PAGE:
“It’s a great personal disconnect when they are worn…you’re pretty much blind on stage,” he says, describing an incident at a T-Rex release show in Sacramento where a girl in the front of the audience pulled off the shades while Reed was performing.
“I was like, ‘Fuuuuuck,’” Frederic recalls, lingering on drawing out the curse word; his eyes grow huge with both fear and distraught, like a little kid gravely concerned about missing Saturday morning cartoons.
“Were you afraid you would be exposed, or that your cover was blown?” I ask.
“A little bit of both,” he admits, demonstrating the way he awkwardly froze – eyes darting and all – after the girl snatched the shades before returning them shortly after trying them on. Crisis adverted, but he looks pretty anxious still even after explaining the story.
Frederic grew up in Pinole, a suburb tucked up in the northeast part of California’s Bay Area. The 25 year-old credits his mom with first exposures to funk and soul, and being around the hyphy and new jack era of music in the Bay of the late 80s, “That one [Keith Sweat song] ‘I Want Her,’ it’s such a terrible song if you actually listen to it but the aesthetic is so there!” he says. “Right now I’m listening to early 80s, actually, DeBarge, the Thriller album once a day. Sometimes twice.”
Although the idea of Reed is only in stages of infancy, he was assigned a name and a personality face only at the beginning of this year, Frederic shields him much like a mentor does for his disciple. But the question gets begged on where Frederic ends and Reed begins. A comparison of videos of the Wallpaper frontman stemming from June and December last year show a decidedly different man in each. The June recording presents what feels like a fresh-faced kid covering tracks like BelBivDevoe’s “Poison,” it’s pretty “aw”-worthy. None of the wardrobe specifics has even come into play. But fast forward to a Rickshaw Stop headlining gig six months later, and the guy on stage now belting out a song called “Every Time We Do It” has no qualms about using sex and swank as tools on stage, an air of confidence and debonair surrounding a now self-assured Reed that yes; the appeal is there.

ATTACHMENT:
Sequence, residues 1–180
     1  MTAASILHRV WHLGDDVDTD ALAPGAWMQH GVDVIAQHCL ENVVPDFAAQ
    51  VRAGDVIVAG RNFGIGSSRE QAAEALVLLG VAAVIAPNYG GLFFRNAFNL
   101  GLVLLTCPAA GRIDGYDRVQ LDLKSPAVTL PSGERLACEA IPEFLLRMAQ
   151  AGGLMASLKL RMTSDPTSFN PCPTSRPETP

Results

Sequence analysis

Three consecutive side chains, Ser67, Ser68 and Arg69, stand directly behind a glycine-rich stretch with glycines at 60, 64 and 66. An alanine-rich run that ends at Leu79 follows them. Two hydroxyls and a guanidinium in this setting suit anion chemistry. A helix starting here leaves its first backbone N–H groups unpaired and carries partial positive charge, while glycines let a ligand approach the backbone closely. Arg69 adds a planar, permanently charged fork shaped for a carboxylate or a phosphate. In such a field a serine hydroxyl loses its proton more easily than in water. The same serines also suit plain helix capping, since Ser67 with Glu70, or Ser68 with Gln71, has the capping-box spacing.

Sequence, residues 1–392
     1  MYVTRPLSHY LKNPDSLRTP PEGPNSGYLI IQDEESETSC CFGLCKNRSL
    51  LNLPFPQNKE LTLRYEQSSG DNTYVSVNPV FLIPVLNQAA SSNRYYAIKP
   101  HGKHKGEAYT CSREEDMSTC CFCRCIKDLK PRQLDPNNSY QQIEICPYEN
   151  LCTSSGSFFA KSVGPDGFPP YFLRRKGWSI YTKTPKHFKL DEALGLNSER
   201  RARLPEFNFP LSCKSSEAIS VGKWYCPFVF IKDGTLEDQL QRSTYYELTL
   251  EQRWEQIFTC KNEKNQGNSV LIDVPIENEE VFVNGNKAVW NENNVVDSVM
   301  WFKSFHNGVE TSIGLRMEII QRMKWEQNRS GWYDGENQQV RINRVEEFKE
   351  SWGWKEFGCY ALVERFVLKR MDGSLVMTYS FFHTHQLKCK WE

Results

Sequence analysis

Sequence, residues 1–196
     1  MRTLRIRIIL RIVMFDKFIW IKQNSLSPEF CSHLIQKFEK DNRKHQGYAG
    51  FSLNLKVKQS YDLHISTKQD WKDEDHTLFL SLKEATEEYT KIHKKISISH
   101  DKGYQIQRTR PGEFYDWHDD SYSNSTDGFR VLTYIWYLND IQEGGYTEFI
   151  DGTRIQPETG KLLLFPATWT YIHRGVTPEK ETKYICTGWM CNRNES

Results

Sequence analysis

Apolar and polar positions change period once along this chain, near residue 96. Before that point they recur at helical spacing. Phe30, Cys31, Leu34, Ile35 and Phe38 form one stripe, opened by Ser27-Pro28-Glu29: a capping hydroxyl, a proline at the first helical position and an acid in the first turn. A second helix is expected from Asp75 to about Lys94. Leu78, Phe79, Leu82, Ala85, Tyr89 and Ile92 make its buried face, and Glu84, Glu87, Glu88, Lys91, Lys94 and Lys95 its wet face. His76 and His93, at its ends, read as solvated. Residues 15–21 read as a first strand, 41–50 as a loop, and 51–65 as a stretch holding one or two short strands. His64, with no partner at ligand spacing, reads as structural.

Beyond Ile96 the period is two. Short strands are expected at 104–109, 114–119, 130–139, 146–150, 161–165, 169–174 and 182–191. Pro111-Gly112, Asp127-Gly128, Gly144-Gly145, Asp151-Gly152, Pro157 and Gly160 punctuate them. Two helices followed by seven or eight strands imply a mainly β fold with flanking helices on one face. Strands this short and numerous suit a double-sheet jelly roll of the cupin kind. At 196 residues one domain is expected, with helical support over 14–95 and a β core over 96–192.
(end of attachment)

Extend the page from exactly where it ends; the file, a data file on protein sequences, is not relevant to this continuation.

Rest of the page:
This evolution from nerd to suave is also evident in the direction the band is currently facing. Early tracks like “Rich Bachelor” carry a strategically placed throwback to dance music, boiled down with simple hooks and the distortion mic. “T-Rex” is the crossover tune, Reed murmuring “While I’m waiting for this alcohol to settle into my veiny veiny veins, get off your seat while we flip it for you” before diving into how big he goes on weekends. It’s newer gems like “So Wasted” and “The Remix” that carry and ultimately shine the light on what Frederic and co. are doing properly: crafting catchy-ass beats, coupling them with lyrics of subject matter Frederic both hates and loves but pens, and sautÃ©ing them to electronic perfection. Lyric “This cell phone is lifetime/This cell phone is free” from “The Remix” sounds like a clause in my Verizon contract, and I think that’s what Frederic intends. It’s so funny, it’s not. And then is. And I’m dancing the whole time.
The deal breaker, though, is the stage persona that cultivated and is now peeking out. Reed now has been perfected and has teamed up with hysteria to deliver comical storylines that gives both The Young And The Restless and Monday Night RAW a run for its money. Wallpaper shows are full of amusing and exaggerated fibs that permeate the room. At the San Francisco EP release show in May, Reed talks about he dated Jessica Simpson (not true), her dumping him, and asking someone in the room who had her phone number to have Simpson “text him her love.” At the Sacramento show the following week, he debuts a story about cannibalism at the end of “Rich Bachelor” since the song ends with “I’ll eat you alive,” recalling how he couldn’t eat this one girl that was on the island with him because he was in love with her.
The antics don’t stop once the live set wraps up anymore; the band has now taken to YouTube to construct blog entries that brink on the crest of hilarity and lunacy. In the first blog Reed announces a world tour only to retire the music business the following week in blog two upon discovering Grand Theft Auto IV sold more than the T-Rex EP. He then takes off to the Amazon and sends another blog to say he’s OK. Singh, however, being the victim of public Reed terrorizations, decides to move forward with the band without Ricky Reed and brings on a Reed cousin who happens to look suspiciously and exactly like Ricky, but is named Robbie, who works at the Bayfair Mall in San Leandro. Robbie played with the band two weekends ago at a show in L.A. and comes off as being a small-town kid in a big pond when interviewed on camera, in comparison to Ricky’s cocky manners. Singh says in the same vlog that Wallpaper may more on without Ricky, if need be.